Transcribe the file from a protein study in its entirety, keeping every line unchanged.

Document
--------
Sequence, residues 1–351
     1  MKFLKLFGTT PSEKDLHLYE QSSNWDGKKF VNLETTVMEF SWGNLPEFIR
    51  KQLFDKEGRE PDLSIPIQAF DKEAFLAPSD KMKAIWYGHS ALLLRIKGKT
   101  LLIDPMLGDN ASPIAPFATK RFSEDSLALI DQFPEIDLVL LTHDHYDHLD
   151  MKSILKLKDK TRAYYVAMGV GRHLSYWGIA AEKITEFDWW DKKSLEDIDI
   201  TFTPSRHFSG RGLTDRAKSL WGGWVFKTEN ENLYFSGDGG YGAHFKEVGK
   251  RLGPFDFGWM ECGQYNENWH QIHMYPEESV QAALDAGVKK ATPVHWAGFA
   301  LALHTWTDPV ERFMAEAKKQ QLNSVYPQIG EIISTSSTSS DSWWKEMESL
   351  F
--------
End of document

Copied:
Sequence, residues 1–351
     1  MKFLKLFGTT PSEKDLHLYE QSSNWDGKKF VNLETTVMEF SWGNLPEFIR
    51  KQLFDKEGRE PDLSIPIQAF DKEAFLAPSD KMKAIWYGHS ALLLRIKGKT
   101  LLIDPMLGDN ASPIAPFATK RFSEDSLALI DQFPEIDLVL LTHDHYDHLD
   151  MKSILKLKDK TRAYYVAMGV GRHLSYWGIA AEKITEFDWW DKKSLEDIDI
   201  TFTPSRHFSG RGLTDRAKSL WGGWVFKTEN ENLYFSGDGG YGAHFKEVGK
   251  RLGPFDFGWM ECGQYNENWH QIHMYPEESV QAALDAGVKK ATPVHWAGFA
   301  LALHTWTDPV ERFMAEAKKQ QLNSVYPQIG EIISTSSTSS DSWWKEMESL
   351  F